“As a District we remain committed to teaching love, inclusivity and compassion.” That was how the Northwest Local School District’s administration ended their statement in response to a racist incident in May at Colerain High School near Cincinnati, Ohio.
Some students had put up handwritten “Whites only” and “Blacks only” signs over two water fountains at the school, taken pictures of them and then posted them to social media for public consumption. “NWLSD stands firm in creating a culture of inclusivity, respect, kindness and compassion for everyone,” the administrators added.
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Theirs is a statement any of the more than 14,000 school districts in the United States could issue. Yet how true can it be in Ohio, where in less than two years, Republican legislators have introduced three bills attempting to ban critical race theory and discussions of “divisive concepts” like the existence of LGBTQIA+ people? How can this be true when Forest Hills (another Cincinnati-area school district) postponed and then canceled its “Racial Diversity Awareness Day”, because some parents complained the event smacked of “critical race theory” and was “inherently divisive”?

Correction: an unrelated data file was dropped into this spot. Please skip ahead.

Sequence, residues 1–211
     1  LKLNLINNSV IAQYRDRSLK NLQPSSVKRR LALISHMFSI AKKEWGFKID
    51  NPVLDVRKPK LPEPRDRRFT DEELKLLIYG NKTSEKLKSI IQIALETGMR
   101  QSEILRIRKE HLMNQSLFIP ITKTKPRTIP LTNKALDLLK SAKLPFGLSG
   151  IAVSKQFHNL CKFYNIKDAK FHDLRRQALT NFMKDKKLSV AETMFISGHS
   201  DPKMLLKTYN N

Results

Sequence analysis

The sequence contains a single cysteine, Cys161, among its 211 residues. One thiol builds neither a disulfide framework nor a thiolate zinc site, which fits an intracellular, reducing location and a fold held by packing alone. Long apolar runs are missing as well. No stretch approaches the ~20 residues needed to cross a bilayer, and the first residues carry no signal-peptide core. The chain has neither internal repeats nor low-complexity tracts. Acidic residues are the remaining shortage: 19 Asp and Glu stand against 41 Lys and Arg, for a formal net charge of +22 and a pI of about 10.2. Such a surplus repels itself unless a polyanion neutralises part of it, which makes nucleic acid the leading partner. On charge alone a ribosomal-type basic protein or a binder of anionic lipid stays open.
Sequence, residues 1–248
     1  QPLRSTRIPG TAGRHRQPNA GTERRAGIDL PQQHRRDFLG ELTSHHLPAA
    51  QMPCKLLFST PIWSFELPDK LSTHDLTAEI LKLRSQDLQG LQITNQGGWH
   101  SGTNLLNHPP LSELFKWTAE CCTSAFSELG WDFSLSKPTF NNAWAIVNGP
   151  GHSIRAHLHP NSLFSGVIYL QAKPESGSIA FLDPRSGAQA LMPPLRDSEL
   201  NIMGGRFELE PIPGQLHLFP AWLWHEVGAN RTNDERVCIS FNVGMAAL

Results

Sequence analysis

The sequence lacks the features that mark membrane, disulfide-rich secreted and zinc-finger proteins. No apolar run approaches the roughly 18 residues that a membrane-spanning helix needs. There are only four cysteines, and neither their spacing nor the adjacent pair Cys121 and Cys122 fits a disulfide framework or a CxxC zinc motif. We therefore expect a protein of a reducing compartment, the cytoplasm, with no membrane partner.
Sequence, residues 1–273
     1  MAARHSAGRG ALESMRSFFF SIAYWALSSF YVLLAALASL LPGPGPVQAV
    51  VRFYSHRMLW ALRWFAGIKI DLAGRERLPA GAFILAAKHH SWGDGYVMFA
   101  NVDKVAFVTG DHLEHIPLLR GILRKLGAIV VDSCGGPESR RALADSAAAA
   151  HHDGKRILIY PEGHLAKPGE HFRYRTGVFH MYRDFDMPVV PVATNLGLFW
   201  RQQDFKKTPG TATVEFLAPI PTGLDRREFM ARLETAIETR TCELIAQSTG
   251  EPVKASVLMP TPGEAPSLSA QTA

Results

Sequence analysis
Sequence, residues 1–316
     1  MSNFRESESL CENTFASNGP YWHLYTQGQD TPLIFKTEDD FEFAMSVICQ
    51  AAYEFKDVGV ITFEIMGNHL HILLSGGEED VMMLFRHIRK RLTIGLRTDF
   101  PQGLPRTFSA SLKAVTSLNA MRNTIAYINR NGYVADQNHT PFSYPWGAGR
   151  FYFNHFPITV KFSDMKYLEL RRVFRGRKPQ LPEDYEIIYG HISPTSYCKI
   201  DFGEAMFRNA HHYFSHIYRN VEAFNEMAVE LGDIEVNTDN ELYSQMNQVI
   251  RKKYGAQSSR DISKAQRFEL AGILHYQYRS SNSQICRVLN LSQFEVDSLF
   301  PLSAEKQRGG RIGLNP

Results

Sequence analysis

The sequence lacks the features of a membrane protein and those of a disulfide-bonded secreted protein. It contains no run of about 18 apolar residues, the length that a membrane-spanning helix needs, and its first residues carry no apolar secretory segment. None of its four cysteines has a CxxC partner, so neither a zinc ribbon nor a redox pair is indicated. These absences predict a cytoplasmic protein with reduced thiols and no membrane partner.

How can this be true in a nation where nearly every week, racist incidents occur in school after school? Just in the past two months, a lesson plan at a Los Angeles K-8 school, which included picking cotton to learn about slavery, came to light in the midst of a lawsuit over the practice. So has a recent incident at a Massachusetts high school, where a white student posted a picture of himself with a sign that read: “If I was Black, I would be picking cotton. But I’m white, so I’m picking you for HoCo [Homecoming]”.
In fact, across the country, the backlash against anti-racist books and efforts that include The 1619 Project, has now paved the way for the return of overtly racist, sexist and queer-phobic books in schools, filling the void left by so many bans of “critical race theory”.
Those on the right pushing for these bans are really arguing against any schooling that involves a reckoning with American racism and other ills. The argument: Learning uncomfortable truths will lead to psychological damage in white students.
Never mind that Black, Brown, Indigenous and queer students – the majority of public school students – must continue to face erasure and daily trauma at the hands of callous politicians and educators and the hyper-masculine whiteness they practise and encourage.